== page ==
Exploring the world of fiber, one draft at a time

My posting can be as frequent or infrequent as my spinning, so be as patient as that fiber, sitting in my stash.

Monday, August 11, 2014

Fiber festivals review 2014

This post goes along with the Yarnspinnerstales podcasts, episodes 109 and 110.

The Fiber Fest in Greencastle Ind is always the second weekend of April, on Friday and Sat.  Due to working every other weekend, I haven't been there for a couple of years, so I was happy that it worked out hubby and I could take a day trip and go up to it this year.

This is a nostalgic trip for us, since I use to have a booth there.  Hubby is fond of the phrase, 'it's just not the same' but then what is?  I personally think change is good and that includes fiber fairs.  The biggest change I see now is the increased number of brick and mortar yarn stores, making the fiber festivals tour.  It is still up in the air if this is bringing in more customers, but knowing how quickly some knitters become spinners, it seems a perfect choice.

I saw less raw fleece this year, but that was probably because I had my blinders on.  I told hubby when we arrived this would be the first year I would not buy raw fleece. And  I didn't. I almost caved when he pointed out a booth full of lovely fleeces.  Who knew the smell of lanolin was so addicting.

I am trying to focus on buying processed roving, and the one purchase I did make was from Sheep Street.  They raise Shetlands, and had some processed which Nancy then dyed.  I bought a nice 8 oz bump, and love the fall color of it.

I bought a Tshirt too, with a spinning wheel on it and the words 'I have a PHD in spinning'. In tiny letters by the PHD it says 'projects half done'. Oh my how true!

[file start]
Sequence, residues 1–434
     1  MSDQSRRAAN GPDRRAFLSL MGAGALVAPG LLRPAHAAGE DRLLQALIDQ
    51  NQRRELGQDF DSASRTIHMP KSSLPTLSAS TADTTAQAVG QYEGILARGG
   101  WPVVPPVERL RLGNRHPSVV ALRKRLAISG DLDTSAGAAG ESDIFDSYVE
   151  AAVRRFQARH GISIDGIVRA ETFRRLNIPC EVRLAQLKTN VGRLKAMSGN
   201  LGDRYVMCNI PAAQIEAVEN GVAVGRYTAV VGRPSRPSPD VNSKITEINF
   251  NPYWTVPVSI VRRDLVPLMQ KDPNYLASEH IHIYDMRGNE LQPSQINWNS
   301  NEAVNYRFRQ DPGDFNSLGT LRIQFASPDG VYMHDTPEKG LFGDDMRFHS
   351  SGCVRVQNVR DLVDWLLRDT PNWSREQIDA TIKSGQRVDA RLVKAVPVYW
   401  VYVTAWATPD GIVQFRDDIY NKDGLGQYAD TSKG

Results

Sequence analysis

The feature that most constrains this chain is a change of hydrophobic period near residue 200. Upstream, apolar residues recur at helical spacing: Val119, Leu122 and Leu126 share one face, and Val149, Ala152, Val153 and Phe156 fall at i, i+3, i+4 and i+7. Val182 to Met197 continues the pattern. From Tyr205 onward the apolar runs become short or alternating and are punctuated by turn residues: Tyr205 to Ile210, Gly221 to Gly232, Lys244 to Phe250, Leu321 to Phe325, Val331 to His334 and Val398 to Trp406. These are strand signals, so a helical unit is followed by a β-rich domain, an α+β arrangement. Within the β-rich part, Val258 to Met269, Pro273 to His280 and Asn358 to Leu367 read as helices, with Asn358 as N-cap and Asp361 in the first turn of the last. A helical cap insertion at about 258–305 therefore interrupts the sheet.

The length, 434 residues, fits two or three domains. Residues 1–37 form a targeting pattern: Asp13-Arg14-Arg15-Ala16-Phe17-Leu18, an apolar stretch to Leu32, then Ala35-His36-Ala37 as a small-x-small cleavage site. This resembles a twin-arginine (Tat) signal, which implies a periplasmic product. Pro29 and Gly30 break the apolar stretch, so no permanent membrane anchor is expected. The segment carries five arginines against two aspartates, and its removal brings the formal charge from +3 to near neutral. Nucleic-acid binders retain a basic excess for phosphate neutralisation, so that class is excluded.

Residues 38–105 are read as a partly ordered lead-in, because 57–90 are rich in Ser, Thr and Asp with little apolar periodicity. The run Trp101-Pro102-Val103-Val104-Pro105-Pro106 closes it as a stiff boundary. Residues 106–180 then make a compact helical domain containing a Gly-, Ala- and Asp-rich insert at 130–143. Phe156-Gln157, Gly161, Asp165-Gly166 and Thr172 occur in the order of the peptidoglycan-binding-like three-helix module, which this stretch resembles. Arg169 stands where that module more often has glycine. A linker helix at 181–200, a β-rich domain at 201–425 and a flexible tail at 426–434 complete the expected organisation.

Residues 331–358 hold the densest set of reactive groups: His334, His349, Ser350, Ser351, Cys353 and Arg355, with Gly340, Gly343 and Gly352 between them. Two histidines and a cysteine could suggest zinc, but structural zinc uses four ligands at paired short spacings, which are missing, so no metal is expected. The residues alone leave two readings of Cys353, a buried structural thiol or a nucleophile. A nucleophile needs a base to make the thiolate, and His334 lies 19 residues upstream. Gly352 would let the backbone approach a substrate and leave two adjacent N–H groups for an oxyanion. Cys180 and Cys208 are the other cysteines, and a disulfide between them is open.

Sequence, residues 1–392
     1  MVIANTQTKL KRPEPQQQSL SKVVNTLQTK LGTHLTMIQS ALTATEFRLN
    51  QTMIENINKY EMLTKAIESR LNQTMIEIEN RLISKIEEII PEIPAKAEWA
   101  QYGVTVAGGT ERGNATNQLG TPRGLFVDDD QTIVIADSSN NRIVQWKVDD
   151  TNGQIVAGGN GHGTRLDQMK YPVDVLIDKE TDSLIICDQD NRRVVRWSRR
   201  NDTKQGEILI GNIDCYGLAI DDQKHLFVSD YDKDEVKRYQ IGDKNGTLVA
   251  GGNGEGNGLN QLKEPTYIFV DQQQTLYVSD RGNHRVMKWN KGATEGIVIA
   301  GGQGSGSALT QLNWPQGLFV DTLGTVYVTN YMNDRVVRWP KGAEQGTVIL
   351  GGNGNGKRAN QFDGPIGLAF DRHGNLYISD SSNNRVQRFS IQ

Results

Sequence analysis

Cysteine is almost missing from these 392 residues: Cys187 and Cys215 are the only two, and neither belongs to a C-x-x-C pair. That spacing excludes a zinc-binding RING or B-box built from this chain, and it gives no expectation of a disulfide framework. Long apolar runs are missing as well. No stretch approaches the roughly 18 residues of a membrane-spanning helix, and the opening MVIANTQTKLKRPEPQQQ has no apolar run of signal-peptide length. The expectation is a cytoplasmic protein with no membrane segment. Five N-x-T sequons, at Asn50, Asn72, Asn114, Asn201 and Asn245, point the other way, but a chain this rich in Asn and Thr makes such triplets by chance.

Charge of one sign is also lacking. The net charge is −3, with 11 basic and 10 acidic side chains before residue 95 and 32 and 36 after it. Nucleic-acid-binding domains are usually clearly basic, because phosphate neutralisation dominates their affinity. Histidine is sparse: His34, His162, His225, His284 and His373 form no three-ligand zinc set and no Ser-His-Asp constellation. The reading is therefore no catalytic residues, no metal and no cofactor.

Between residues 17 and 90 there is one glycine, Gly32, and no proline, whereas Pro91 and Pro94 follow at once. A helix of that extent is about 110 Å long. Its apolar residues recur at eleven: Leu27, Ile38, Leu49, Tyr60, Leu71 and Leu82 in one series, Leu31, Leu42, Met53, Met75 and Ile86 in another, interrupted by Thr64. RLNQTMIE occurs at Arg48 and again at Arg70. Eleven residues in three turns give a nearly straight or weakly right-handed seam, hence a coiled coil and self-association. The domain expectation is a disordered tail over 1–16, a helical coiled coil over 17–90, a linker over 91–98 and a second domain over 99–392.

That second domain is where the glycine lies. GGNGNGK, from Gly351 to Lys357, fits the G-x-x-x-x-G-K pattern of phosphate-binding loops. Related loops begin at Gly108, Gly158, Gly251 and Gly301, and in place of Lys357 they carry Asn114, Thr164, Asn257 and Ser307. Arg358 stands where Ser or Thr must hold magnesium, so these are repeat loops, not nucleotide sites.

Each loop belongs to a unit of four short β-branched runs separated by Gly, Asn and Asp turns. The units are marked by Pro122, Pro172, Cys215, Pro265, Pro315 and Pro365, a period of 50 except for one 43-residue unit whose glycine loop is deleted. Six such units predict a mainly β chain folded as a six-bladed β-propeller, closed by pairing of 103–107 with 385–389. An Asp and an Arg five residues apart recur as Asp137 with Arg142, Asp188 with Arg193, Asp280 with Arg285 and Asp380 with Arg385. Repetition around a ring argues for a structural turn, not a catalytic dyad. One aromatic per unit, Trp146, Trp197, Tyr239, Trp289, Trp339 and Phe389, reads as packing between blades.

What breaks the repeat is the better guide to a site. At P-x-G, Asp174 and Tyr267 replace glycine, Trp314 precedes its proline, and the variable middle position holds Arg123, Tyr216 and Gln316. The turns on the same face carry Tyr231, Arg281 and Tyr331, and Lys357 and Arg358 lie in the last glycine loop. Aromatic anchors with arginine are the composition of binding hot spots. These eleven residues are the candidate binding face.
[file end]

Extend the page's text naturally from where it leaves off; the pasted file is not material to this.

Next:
The second festival I got to attend this spring was the Ky Sheep and Wool Festival.  This time I left hubby at home and went with a group of spinner friends, including my daughter and grandson.  At 2 years old, grandson is still is a restrained onlooker, who's big moment was petting a sheep.  His involvement in shopping was the huggable ness of the fiber or yarn.  His 'ahhh' while doing so melts your heart.

I did much more shopping this trip.  First I found 4 oz of this lovely Jacob roving, from a heritage family farm in Pa called Ross Family Farms.

Then I found Dyed in the Wool's booth.  They are dyers but also had a booth full of processed undyed wool roving.  Just what I was looking for!  I bought 2 dark colors

The top is Romeldale and the larger ball is East Fresian.  I also bought this white Dor Galen, a cross breed of Scottish Blackface and Horned Dorset.

And as a treat, I bought this dyed BFL/silk roving from Rock and String creations. 

I seldom buy yarn at these events but just could not resist this skein.  

I love the muted colors and the fibers merino/silk are so soft.  The yardage is  great too, 600 yards.  It was dyed by A Yarn Well Spun, Melanie Gibson.

Next fiber fair I go to will be in Sept.  My resolve not to buy fleece is melting... We will see what happens when those sheep's fumes hit my brain.

Friday, June 06, 2014